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How to Sing Mezzo Soprano

Learn how to sing mezzo soprano in this Howcast online singing lesson featuring singer Anya Singleton.


Hi. I'm Anya Singleton. We're going to talk about how to sing mezzo-soprano. I am, myself, a mezzo-soprano. Basically what that means, is it deals with 2 things: Range, and it also deals with the quality of the voice. Where does the voice sit within your body?

When you're talking about mezzo-soprano, the important thing to know is that mezzo-soprano is a middle voice; that's literally what it means. You have some of the bottom notes, and you can go fairly high but you're not up here, like you would be if you were a coloratura soprano, and you don't live all the way at the bottom. You have the difficult task of being able to sing in the middle of the voice. People that are great belters tend to be mezzo-sopranos.

There's 2 ways to approach it. If you talk about operatic mezzo-sopranos, you use a lot of what we call a mix, where you bring the falsetto down to the chest and it mixes to create a very clean tone. Then there's belting mezzo-sopranos, rRock mezzo-soprano; that's what I am. Usually, the range is somewhere within a low A to about a G, up here; a 2-octave range or so. Of course, there's range below and above, depending on who you are as a person. That would be how to sing mezzo-soprano.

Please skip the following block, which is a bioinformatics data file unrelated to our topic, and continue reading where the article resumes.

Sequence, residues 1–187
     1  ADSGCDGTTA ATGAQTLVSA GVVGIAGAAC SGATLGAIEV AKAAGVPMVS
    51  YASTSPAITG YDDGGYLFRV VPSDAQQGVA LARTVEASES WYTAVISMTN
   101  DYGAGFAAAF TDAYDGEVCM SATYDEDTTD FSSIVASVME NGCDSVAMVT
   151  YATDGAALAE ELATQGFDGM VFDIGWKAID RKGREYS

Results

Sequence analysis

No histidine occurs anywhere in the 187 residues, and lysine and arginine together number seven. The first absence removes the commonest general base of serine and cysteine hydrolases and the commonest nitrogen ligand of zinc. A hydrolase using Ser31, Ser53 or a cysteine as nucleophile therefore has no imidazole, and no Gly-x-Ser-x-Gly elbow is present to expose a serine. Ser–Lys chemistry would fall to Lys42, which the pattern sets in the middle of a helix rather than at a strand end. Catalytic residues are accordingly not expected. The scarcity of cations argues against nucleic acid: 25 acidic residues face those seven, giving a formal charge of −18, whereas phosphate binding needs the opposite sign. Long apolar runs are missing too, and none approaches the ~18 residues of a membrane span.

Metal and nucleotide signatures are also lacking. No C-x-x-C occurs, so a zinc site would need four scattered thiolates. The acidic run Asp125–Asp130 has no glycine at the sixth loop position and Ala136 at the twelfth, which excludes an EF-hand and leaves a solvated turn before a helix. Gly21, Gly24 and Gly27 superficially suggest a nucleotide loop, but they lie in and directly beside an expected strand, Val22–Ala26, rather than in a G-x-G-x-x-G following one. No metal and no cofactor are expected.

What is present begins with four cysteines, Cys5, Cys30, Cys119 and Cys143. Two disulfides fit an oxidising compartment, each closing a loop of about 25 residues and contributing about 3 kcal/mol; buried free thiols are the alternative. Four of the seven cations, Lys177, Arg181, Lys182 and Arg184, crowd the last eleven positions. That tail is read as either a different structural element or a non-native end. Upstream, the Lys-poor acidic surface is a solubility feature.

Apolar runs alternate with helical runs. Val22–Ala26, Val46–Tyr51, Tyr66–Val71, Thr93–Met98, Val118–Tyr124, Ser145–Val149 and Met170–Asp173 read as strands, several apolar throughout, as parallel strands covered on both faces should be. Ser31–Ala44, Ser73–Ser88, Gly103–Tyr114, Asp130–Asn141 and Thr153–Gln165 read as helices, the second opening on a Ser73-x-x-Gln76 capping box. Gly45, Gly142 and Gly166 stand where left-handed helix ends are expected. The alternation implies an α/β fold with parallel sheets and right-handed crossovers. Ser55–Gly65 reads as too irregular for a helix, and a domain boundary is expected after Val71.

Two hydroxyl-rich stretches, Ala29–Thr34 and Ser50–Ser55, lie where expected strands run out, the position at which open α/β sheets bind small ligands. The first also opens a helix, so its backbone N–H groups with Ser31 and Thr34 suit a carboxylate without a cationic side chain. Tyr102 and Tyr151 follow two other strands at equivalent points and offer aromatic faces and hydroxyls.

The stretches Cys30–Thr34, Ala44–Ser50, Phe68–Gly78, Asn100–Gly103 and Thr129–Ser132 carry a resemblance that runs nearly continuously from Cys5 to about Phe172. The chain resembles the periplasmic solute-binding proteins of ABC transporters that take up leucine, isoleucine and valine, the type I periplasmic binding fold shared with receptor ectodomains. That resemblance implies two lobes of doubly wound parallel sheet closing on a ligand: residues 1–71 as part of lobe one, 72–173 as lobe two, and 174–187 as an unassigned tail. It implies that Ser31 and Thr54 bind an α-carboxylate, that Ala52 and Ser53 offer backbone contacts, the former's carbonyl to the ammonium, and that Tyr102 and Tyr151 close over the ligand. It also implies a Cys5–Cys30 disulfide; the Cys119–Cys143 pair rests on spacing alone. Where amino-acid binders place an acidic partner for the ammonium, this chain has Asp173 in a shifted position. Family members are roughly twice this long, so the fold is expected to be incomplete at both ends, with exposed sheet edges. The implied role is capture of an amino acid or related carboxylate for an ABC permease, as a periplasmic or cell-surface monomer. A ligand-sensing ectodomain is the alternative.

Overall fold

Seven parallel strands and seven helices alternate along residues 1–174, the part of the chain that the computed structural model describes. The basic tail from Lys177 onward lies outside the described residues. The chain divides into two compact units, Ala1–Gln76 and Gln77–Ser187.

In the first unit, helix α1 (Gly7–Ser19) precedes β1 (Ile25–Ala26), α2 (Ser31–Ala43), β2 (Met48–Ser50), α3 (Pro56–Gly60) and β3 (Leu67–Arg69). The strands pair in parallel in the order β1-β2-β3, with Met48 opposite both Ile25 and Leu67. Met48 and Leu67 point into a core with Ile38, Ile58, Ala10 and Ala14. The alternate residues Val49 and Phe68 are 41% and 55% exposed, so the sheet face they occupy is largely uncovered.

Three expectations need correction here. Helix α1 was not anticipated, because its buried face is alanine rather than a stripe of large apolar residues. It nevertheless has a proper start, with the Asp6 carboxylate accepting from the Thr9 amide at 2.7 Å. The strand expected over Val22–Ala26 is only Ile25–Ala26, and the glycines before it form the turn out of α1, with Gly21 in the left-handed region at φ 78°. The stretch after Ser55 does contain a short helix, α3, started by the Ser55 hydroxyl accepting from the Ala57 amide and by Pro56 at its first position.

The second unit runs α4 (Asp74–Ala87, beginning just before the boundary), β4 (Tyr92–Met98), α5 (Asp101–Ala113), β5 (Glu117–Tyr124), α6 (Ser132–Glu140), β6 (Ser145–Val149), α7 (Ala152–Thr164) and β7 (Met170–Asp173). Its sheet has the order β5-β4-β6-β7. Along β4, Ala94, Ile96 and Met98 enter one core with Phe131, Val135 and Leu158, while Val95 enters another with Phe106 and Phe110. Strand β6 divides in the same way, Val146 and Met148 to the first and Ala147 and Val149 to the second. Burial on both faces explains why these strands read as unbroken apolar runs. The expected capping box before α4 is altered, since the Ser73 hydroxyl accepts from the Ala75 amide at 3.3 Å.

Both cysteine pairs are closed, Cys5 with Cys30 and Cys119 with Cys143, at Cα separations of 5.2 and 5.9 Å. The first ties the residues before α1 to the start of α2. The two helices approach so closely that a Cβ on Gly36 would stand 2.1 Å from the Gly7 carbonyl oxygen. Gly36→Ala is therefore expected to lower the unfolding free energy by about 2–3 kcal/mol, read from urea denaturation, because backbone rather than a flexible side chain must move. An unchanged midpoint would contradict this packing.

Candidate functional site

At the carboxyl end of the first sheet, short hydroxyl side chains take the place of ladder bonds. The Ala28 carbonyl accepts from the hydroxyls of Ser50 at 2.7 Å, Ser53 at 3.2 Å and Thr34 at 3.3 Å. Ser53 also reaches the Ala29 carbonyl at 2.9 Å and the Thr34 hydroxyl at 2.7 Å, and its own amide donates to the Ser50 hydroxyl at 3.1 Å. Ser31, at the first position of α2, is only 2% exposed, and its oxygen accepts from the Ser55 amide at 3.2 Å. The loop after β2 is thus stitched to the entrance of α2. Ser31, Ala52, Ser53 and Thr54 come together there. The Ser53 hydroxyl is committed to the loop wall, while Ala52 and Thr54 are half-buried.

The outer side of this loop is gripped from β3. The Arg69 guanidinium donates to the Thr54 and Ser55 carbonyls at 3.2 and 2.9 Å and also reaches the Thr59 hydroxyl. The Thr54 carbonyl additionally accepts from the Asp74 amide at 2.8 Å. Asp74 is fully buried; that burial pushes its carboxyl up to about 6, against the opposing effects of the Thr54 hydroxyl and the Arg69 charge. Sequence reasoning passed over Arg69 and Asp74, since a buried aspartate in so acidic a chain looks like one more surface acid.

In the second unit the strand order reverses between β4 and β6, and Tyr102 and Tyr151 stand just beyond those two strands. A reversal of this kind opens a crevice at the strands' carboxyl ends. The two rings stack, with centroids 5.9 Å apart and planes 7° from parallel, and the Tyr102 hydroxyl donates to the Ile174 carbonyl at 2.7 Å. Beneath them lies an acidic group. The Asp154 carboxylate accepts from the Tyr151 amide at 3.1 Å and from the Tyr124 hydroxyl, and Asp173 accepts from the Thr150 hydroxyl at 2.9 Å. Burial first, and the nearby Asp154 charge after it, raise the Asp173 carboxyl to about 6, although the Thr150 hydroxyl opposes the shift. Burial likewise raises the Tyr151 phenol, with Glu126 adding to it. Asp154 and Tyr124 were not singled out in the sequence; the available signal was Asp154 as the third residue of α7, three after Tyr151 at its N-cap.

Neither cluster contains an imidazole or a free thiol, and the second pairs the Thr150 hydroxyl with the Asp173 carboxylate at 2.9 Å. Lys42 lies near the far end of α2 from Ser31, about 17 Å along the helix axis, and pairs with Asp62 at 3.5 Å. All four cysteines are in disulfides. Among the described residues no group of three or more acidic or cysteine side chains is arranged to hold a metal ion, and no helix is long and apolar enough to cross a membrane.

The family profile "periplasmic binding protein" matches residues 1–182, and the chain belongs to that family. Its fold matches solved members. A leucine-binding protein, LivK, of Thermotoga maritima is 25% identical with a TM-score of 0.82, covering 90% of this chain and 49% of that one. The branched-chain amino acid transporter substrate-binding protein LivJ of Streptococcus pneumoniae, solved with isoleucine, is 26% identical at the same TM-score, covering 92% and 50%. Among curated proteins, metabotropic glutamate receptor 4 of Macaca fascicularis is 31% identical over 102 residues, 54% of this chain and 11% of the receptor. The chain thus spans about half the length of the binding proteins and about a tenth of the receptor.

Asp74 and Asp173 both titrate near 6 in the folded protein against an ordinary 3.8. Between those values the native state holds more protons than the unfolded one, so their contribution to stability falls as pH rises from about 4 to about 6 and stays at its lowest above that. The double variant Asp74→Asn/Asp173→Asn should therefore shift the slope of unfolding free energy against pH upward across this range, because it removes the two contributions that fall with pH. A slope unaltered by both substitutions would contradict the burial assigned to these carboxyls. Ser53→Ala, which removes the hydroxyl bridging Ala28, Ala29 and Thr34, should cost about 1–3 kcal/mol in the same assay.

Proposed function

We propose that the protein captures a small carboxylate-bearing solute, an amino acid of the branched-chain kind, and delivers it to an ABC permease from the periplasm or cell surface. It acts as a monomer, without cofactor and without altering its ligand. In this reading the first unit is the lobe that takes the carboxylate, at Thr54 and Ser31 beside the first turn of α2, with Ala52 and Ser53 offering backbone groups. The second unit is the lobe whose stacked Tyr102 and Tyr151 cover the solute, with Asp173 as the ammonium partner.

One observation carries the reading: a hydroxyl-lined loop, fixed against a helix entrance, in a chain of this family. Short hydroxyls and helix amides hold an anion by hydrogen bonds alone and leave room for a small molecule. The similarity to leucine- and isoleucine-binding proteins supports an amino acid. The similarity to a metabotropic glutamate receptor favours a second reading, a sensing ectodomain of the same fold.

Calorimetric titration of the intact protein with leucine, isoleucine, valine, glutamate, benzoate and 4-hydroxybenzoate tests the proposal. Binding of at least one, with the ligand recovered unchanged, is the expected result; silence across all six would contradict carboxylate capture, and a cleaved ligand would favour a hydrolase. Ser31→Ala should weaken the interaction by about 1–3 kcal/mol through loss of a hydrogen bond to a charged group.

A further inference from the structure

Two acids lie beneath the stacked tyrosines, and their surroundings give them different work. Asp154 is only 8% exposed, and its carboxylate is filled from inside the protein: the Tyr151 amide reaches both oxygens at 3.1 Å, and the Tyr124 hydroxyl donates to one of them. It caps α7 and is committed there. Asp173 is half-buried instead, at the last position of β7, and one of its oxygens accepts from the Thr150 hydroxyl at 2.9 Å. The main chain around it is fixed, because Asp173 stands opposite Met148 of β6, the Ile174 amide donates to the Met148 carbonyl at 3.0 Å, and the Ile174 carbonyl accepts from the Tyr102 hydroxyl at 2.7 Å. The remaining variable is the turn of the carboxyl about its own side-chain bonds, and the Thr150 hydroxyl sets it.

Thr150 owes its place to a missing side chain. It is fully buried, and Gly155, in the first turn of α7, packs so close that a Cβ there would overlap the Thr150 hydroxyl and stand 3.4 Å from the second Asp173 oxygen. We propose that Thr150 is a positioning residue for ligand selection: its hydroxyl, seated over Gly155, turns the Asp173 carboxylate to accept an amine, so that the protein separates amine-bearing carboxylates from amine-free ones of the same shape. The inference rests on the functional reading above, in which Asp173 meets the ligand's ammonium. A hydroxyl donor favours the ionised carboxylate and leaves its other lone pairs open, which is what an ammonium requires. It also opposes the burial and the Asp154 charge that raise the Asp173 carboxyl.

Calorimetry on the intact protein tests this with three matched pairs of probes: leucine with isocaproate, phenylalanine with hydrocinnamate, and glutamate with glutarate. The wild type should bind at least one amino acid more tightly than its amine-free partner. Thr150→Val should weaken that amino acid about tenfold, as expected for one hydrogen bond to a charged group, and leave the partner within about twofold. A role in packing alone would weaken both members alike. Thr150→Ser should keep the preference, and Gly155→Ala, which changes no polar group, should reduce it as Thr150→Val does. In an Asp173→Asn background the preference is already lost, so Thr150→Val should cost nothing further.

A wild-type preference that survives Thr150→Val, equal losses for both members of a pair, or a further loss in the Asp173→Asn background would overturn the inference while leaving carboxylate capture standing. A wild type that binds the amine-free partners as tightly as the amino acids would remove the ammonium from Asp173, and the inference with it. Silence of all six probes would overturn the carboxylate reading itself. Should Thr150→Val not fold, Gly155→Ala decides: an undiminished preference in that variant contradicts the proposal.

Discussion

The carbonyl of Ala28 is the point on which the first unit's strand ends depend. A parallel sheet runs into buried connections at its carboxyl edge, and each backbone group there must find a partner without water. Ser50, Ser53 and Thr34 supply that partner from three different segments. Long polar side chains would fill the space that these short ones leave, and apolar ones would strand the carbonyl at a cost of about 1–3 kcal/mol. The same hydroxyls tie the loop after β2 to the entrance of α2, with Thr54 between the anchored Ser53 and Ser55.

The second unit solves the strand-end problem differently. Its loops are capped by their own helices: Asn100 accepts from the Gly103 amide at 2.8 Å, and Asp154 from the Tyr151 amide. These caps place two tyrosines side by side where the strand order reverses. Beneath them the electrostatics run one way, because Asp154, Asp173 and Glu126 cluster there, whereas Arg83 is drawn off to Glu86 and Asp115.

Most of your favorite pop belters are mezzo-sopranos. Things tend to be written up here, C to E. If you're going to be approaching a mezzo-soprano song, you want to think about, what's the best way to marry the low end with the high end so that you can make a tone that sounds strong and supported without blowing out the voice? I think that is the first way to think about singing mezzo-soprano.

That said, that very much is an inborn thing. You can train yourself how to hit different notes, but what makes you a tenor, a bass, a mezzo-soprano, a soprano, or an alto; a lot of that is that's the voice you have. Work within those confines. You'll know because you'll know, "Okay. Gosh. I'm singing along with a song on the radio, and this part's really too low for me. This may not be my range." That's a great way to practice it, as well.

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